Abe shoots blanks in New York
By Brendan P O'Reilly
Japanese Prime Minister Shinzo Abe has used his time on the world stage to unleash a new verbal salvo against Beijing. While addressing the United Nations General Assembly, Abe decried "an immediate neighbor" for swelling its military budget by more than 10% annually. Abe, who plans on increasing Tokyo's military budget by 3% this year, defiantly exclaimed "So call me, if you want, a right-wing militarist." 
At a news conference in New York, Abe said Chinese vessels persistently test the waters around the disputed Senkaku/Diaoyu islands: "The intrusions by Chinese government vessels in our territorial waters are continuing, to our regret. However, Japan will
not make a concession on our territorial sovereignty." 
Official Chinese reaction was swift and cutting. The Chinese Ministry of National Defense claimed that its vessels are simply engaging in routine patrols and training. Spokesperson Geng Yansheng quoted an ancient Chinese proverb to counter Abe's claims: "A gentleman is open and poised; a petty man is unhappy and worried. Whoever is overreacting has a 'ghost' in his mind."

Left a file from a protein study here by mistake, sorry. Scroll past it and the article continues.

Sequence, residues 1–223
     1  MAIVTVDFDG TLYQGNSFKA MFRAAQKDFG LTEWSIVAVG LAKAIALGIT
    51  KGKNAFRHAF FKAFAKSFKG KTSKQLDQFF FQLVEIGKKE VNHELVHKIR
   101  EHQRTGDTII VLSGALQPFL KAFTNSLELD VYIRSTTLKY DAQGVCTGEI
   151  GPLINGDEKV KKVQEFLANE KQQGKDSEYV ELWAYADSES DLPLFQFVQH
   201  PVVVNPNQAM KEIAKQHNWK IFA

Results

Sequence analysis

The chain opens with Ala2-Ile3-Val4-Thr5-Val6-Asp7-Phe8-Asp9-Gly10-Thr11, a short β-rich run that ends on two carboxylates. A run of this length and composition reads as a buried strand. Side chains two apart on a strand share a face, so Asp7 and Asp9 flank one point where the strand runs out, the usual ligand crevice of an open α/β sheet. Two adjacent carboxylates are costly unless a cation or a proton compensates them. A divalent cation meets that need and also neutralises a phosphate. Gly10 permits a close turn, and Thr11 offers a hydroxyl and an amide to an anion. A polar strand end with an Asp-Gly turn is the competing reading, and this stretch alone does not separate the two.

It has been over a year since Tokyo decided to "nationalize" a group of disputed, uninhabited islands in the East China Sea, leading to the current round of escalation. As deep tensions remain between the two powers, it is useful to examine the strategic environment behind the angry rhetoric in the foreground of Sino-Japanese relations.
Show me the money
Abe's dire warnings about increasing Chinese military spending miss a major point - Beijing's military budget has grown at roughly the same rate as China's overall economy. When GDP expanded at 10% every year, it made sense that military budgets also rapidly swelled. However, now that China's GDP growth rate is slowing, some strategic questions may arise if the increase in Chinese military spending outstrips the expansion of the general economy.